Actually, I probably shouldn't have said she was 'turned away', but she was certainly discouraged. My collegue did tell me the details but they were a bit confusing so I don't really remember. When she had the 1st heart attack she was treated at a hospital and that was covered by insurance I believe. But then my collegue was asked to sign some documents which he claimed were essentially promises to not bring her back to that particular hospital. I'm not at all sure what he meant by this, maybe someone familar with US hospitals can clarify? After the 1st heart attack they did some research into hospitals in their area (LA) and found the level of care which they could afford in the US was very much inferior to what they could get in Taiwan so they returned to Taiwan.


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  #32  
Old May 26th, 2007, 10:10 am
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Re: International Healthcare: The good and bad of your area!

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Originally Posted by SSJ_Jup81 View Post
It's annoying that I can't get it, because I'm "sick" to them. I mean, isn't that what they're for?
No. Private health insurance companies' first responsibility (like all business) is to their shareholders. Obviously, someone with a pre-existing condition is bad for profits because the insurer knows they'll be drawing on benefits whereas the average healthy client will pay years of premiums while receiving very little in return.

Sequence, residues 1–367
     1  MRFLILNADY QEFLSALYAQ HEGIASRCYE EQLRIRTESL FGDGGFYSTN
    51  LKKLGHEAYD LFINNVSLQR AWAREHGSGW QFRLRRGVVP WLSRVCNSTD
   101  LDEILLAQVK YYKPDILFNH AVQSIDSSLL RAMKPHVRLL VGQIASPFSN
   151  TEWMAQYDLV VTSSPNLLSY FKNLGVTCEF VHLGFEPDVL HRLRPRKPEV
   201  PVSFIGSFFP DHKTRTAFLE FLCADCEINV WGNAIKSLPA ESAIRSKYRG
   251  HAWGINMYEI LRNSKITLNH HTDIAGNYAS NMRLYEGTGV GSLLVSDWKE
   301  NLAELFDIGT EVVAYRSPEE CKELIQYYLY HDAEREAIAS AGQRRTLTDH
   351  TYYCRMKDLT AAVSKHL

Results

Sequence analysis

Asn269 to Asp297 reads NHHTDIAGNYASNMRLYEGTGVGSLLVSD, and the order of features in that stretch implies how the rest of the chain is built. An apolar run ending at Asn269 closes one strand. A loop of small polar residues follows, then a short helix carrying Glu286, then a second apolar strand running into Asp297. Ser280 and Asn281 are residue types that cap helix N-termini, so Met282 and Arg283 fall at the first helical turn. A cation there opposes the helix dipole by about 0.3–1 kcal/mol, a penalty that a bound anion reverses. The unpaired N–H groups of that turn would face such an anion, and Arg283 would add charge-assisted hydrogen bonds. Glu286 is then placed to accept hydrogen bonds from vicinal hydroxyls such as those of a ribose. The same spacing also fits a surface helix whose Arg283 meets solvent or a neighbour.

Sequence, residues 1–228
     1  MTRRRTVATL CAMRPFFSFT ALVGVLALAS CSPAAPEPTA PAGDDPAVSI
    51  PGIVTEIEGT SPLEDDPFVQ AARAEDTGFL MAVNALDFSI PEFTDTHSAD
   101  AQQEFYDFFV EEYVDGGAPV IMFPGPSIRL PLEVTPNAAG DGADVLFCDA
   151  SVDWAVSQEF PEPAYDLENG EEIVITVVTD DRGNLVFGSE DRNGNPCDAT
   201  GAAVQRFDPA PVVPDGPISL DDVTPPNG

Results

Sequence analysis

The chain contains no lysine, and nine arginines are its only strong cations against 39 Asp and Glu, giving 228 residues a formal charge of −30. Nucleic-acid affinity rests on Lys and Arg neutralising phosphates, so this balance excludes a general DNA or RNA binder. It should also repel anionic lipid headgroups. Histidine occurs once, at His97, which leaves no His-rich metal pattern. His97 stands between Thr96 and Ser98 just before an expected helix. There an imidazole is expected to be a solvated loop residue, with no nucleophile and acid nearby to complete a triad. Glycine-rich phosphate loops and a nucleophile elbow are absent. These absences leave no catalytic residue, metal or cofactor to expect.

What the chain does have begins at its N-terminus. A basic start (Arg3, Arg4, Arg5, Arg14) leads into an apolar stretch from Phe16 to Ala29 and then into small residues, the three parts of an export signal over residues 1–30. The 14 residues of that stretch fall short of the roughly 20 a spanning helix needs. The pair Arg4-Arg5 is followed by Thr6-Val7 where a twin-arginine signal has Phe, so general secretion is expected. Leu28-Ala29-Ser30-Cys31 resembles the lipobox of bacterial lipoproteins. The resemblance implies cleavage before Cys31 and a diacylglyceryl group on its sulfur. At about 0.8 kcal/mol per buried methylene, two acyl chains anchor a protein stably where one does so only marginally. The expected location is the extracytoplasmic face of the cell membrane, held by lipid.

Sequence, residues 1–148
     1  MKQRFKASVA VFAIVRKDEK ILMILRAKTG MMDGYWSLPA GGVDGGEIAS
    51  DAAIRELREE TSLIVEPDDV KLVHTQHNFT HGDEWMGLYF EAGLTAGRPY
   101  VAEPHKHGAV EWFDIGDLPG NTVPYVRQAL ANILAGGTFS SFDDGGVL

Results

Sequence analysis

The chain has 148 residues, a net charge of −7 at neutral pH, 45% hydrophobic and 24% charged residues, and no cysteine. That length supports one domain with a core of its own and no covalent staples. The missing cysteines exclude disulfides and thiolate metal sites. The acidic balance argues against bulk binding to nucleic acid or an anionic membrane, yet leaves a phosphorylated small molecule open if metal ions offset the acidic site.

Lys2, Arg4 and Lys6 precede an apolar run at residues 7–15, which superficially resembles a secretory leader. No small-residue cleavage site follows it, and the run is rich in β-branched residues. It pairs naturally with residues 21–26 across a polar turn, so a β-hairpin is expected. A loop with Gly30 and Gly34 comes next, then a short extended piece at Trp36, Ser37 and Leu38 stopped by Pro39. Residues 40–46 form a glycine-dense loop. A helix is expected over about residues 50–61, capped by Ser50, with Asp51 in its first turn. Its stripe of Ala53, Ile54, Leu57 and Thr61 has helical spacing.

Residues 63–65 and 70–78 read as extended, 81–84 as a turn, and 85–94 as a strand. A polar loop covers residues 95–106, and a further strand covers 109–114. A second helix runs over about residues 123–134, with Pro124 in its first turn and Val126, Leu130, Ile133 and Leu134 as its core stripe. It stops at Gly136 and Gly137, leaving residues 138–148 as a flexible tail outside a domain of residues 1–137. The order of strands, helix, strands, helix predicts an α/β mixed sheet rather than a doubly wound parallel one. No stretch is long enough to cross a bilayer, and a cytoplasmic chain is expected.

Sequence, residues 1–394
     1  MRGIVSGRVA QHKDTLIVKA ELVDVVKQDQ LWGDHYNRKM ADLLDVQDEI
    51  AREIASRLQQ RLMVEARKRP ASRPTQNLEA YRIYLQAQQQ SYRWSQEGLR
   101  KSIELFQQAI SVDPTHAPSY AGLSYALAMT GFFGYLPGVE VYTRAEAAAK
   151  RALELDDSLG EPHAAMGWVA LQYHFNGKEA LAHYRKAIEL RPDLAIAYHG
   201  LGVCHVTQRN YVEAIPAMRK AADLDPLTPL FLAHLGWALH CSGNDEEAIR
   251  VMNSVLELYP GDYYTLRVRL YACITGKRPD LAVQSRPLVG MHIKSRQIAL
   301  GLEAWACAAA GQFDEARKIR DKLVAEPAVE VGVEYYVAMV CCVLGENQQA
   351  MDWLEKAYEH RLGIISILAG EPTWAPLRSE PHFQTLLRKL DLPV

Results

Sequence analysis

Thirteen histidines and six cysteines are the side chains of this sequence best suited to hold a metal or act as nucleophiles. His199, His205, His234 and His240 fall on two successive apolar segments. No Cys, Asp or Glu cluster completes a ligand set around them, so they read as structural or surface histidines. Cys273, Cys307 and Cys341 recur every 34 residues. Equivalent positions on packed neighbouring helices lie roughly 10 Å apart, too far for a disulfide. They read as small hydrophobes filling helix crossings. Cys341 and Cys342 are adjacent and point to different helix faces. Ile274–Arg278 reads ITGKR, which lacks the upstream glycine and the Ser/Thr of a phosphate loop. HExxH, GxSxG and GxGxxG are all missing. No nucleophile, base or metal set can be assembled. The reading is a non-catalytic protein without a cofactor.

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  #33  
Old May 26th, 2007, 3:58 pm
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Re: International Healthcare: The good and bad of your area!

Healthcare in my area is a tricky business. We have a huge amount of non-insured people looking for healthcare. Specifically unemployed or non-citizens (I live in Texas, that is to be expected). Our emergency rooms are filled with people who cannot afford private health insurance and are not insured through their job, so what happens to those people who DO have health insurance? They go to the back of the line. I've seen it first hand at a children's hospital. I've been stuck in a gurney in a noisy hallway for 12 hours waiting for an emergency room. I understand the serious problems that Houston has concerning healthcare.

On the upside, I live in an area which has one of the best cancer treatment hospitals in the world. That was a plus when my father was being treated, but sadly he passed away about a month ago from cancer. My dad was a long-term, hard-working employee of his company and was insured through that company. Until he was sick, our health insurance seemed perfectly adaquete. After diagnosis and a couple months of treatment, our health insurance company put up a fuss. So we switched. But they stuck us with a 5-figure bill that was technically against the law (apparently Texas legislature passes bills that try to protect the client from the insurance company, but they don't seem to want to enforce it). It was truly a nightmare for a while.

After this experience, I think we need to look to the government to enforce the rules that protect people from their insurance companies. I don't think that institutionalizing healthcare is a good idea (not at all, period), but there needs to be some course of action to keep truly ill or injured people from being bankrupted trying to keep themselves alive. (Hopefully I'm not being redundant or preachy).